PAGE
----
Loch Lomond Night Bats
[FABLES OF THE RECONSTRUCTION] If local chamber-folk outfit Loch Lomond can be accused of anything, it's being too nice. The band's songs, which take singer Ritchie Young's quivering voice—one that often switches from a deep register to an androgynous falsetto in the same verse—and surround it with layers of baroque instrumentation, have always been pretty. Direct? Not so much. That is, until you hear the band's lovely new EP.
Night Bats strives to separate Loch Lomond from the folk tag that's clouded the band since the release of its last album, 2007's Paper the Walls. From the beginning, things are clearly different: First track "Ghost of an Earthworm," with its chiming guitars and tapped rhythms, resembles early R.E.M. Instead of embellishing its already lavish arrangements, the band strips its sound down, relying more on guitar and voice than on the accents hinted at in the past.
Nowhere is that more evident than on "Spine (MMIX)," a bright and clean interpretation of one of Young's best songs to date. While the old "Spine" was slow and lilting, the new version bops along at a quick tempo, complete with marching drums and an irresistible bass line. More muscular than anything in the band's back catalog, "Spine" is the one track that documents the influence of recent tourmates Blitzen Trapper and the Decemberists.
Like the Decemberists' Colin Meloy, Young performs best when things are kept simple, like on Loch Lomond's delicate rendering of the Bee Gees' "Holiday." It still isn't a pop band, but Loch Lomond is inching closer with each release. MICHAEL MANNHEIMER.
Brothers Young The Sun Says He’s God
[FOLK FAMILY] When Brothers Young—then named Fourever Young—released Young Family Sitcom in 2007, it was hard to figure out where the shtick ended and the music began. But Young Family Sitcom was a more serious endeavor than the act's name implied. Though their album was peppered with ambient interludes and laced with beats, the group's namesake brothers—Ritchie, Michael, Dustin and Dillon Young—showed a strong grounding in folk tradition and a knack for singing lovely, unusual harmonies. If anything, the debut's weakness was the understatement inherent in its production.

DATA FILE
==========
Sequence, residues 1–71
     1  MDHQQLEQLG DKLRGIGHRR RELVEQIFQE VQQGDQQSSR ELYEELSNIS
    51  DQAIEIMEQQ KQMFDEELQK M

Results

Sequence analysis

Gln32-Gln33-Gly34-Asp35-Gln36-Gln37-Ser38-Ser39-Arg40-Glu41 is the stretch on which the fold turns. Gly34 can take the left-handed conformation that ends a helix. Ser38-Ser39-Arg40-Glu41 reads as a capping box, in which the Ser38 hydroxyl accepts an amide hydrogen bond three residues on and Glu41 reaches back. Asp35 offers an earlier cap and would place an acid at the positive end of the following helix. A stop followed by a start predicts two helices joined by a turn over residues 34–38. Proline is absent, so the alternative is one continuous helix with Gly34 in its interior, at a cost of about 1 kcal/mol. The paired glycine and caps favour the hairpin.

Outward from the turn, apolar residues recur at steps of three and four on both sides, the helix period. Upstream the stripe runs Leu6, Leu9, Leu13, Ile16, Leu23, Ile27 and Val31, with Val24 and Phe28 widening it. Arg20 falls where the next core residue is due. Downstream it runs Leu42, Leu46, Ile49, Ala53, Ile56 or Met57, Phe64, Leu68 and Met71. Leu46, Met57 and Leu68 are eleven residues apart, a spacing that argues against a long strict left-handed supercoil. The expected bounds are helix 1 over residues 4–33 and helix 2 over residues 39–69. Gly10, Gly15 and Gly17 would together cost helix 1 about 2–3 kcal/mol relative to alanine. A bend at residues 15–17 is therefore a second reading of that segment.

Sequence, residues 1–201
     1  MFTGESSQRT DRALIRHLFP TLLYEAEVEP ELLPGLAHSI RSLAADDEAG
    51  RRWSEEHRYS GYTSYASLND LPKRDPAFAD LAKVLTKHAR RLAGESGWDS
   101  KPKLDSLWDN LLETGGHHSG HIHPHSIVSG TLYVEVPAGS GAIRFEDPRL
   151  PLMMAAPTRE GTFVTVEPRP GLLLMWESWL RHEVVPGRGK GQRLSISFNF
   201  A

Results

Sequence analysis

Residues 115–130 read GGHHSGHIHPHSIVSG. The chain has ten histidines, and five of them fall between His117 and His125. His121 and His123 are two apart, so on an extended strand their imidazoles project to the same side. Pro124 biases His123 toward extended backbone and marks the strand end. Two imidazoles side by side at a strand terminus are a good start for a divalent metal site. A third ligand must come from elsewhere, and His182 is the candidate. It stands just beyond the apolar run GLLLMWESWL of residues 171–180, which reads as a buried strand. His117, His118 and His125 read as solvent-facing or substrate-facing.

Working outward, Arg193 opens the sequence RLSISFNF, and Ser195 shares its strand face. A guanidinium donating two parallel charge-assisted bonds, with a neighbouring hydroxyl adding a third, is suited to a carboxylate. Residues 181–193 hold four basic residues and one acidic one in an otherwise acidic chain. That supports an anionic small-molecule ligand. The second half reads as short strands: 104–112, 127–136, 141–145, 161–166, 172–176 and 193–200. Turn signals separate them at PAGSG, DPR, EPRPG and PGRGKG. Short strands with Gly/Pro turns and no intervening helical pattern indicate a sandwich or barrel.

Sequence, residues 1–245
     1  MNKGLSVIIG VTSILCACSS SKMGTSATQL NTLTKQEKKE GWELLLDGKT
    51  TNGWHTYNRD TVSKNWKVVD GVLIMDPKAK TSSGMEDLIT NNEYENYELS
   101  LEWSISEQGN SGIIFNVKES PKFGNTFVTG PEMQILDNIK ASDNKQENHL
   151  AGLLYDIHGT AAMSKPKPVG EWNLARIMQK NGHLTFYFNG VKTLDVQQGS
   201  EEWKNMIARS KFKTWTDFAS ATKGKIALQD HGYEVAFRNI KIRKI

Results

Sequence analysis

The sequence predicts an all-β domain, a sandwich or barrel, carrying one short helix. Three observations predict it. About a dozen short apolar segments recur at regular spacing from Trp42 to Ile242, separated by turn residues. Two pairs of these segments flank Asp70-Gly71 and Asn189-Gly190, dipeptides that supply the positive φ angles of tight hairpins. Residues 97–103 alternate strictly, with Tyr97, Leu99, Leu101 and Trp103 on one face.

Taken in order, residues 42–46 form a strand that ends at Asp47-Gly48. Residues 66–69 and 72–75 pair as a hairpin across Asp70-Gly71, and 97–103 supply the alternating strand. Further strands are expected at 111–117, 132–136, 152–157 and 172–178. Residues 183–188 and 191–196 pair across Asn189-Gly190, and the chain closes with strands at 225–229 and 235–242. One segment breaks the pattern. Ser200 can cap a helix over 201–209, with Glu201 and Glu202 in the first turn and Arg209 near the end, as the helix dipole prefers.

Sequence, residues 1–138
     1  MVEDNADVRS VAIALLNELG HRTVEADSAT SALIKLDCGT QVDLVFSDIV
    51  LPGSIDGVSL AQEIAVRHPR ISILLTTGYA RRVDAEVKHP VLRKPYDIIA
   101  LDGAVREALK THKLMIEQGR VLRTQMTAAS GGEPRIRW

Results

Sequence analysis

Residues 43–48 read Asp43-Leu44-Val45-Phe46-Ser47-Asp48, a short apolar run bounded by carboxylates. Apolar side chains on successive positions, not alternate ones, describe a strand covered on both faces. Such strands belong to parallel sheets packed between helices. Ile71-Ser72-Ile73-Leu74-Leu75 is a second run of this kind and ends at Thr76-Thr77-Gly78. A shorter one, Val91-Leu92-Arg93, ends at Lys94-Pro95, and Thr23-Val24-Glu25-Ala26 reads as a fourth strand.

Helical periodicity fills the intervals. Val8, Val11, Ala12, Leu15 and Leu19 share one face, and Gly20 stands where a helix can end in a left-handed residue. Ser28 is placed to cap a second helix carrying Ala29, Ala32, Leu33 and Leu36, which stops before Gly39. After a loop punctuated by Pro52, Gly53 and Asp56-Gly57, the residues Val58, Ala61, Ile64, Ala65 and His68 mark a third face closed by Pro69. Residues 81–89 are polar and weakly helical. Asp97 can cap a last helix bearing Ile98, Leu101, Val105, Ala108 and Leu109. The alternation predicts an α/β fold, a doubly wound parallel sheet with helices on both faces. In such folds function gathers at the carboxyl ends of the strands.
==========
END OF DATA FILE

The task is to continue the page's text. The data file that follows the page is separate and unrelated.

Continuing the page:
Two years and one less Young later (Ritchie has his hands full with Loch Lomond), the rechristened group has hit its stride. There's a newfound focus to the disc The Sun Says He's God that makes it clear: Brothers Young is a real band, and a fine one at that.
Though all three Youngs make vocal contributions to the disc, Michael's laser-sharp pipes—which have the same commanding quality as Wolf Parade's Dan Boeckner—lead the charge. Michael's dominance gives a linear thread to wandering tracks like the brooding, Modest Mouse-esque "Waterman" and the lazy, jammy "Planet Earth." But it's the disc's crisp production—which puts less emphasis on beats and puts Michael's vocals up front—that gives The Sun its personality (as evidenced by two rerecorded and reinvigorated tracks from the last disc, "Birthdays" and "Would You Land?").
My only complaint here is that there's not enough of the creepy three-part harmonies that shine on "Us Lights" and "Tall Shadow." That said, a little shtick goes a long way. CASEY JARMAN.
Brothers Young releases
Thursday, Nov. 5, at the Woods. 9 pm. $7. 21+. Loch Lomond releases
on Tuesday, Nov. 10, at the Woods. 9 pm. $10 advance, $12 day of show. 21+.